Five Offbeat Spots to Visit in Hot Springs
It is no secret that Hot Springs is a town filled with wonderful spots to visit and explore. It is also a town that revels in the offbeat. If you are in the mood for something a little different, here are a few options to keep on your radar.
Tour a vintage wax museum
You can find the Josephine Tussaud Wax Museum downtown at 250 Central Avenue. The building used to be home to the famous Southern Club, which opened in 1893, one of many high end gambling spots found in
town at that time.
Josephine was Madame Tussaud's great-great-granddaughter but that is where the connection ends. This museum is not part of the Madame Tussaud line, whose many wax museums can be visited around the world,
the most famous probably being the London location.
This particular wax museum opened in the 1970s and visiting it is like stepping back into this era as many of the figures were made then. Having a healthy appreciation for camp is worthwhile while touring through. Over 100 wax figures can be found here in various random scenes. When you enter, a non-moving escalator houses a section called the Stairway of Stars, where you'll find figures like Louis Armstrong, Clark Gable, and Pope John Paul II greeting you as you enter the museum.
Browse through a museum of curiosities
Illusionist Maxwell Blade is a well-known personality of Hot Springs and many have caught one of his shows over the years at the Maxwell Blade Theatre of Magic. You can find his shows currently at the Malco Theatre at 817 Central Avenue. Blade is familiar with the venue as it is where he first got his start performing in Hot Springs. Maxwell Blade’s Museum of Curiosities is also on site, where one can see Blade’s collection of over 300 unusual items from around the world.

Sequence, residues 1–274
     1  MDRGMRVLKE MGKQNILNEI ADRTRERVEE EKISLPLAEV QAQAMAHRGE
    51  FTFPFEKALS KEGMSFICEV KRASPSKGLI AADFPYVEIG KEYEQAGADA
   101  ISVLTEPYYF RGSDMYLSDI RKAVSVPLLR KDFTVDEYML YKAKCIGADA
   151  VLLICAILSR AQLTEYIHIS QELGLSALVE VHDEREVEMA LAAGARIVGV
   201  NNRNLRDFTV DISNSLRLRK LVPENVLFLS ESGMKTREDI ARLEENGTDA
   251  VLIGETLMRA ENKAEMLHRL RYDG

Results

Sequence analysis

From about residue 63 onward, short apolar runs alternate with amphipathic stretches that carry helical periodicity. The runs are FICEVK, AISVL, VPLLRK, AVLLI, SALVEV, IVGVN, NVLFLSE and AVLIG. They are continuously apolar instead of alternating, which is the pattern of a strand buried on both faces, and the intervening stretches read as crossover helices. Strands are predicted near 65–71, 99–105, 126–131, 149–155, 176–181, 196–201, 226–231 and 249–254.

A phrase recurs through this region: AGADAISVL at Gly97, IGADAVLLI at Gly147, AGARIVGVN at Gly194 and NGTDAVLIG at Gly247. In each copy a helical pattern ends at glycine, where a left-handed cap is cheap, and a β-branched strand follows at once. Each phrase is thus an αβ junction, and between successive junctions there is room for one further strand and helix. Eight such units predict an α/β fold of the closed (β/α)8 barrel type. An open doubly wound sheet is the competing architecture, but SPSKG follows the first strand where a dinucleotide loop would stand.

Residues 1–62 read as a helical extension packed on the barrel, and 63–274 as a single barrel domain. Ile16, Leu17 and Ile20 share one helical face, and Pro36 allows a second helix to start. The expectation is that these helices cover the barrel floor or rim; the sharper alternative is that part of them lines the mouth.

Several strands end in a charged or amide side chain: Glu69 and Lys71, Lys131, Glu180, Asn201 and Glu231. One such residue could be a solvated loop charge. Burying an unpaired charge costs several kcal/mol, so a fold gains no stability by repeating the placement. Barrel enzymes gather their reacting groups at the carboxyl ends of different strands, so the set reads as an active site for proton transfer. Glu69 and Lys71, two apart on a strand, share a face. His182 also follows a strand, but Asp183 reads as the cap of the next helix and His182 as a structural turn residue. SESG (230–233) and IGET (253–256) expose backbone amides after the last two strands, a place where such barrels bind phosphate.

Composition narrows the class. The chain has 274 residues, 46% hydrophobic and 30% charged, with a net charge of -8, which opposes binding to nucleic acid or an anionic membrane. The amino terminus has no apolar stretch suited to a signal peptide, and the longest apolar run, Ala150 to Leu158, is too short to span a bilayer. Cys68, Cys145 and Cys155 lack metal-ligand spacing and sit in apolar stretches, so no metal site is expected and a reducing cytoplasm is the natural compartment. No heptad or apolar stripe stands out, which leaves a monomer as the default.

Experience the Force
In a galaxy not so far away, one can get their Star Wars fix in at 536 Ouachita Avenue. The Galaxy Connection showcases owner Jon Clowers personal collection of vintage Star Wars and superhero toys and memorabilia. This is a private museum and has replicas on site of characters like Darth Vadar and props like a replica of Hans Solo frozen in carbonite. Of note, to see the museum, you must book a tour online or via phone.
Visit a Tiny Town
Open seasonally, Tiny Town at 374 Whittington Avenue is a labor of love of the Moshinskie family. The scene is of an interactive model railroad for all ages and includes miniature scenes from all over America, full of moving parts and trains that visitors run themselves. A highlight is spotting familiar faces amidst the tiny town like Mr. T and Dolly Parton.
The Arkansas Alligator Farm at 847 Whittington Ave has been around since 1902 and is hailed as the oldest attraction in Hot Springs. Here you can hold and feed baby alligators and see other animals onsite like miniature goats, monkeys, and even a Merman. Also onsite is a historic marker that highlights a bit of baseball history. In 1918, Babe Ruth was in town for spring training and hit a ball 573 feet into the alligator pond here. This changed baseball since no one imagined a ball could be hit that far.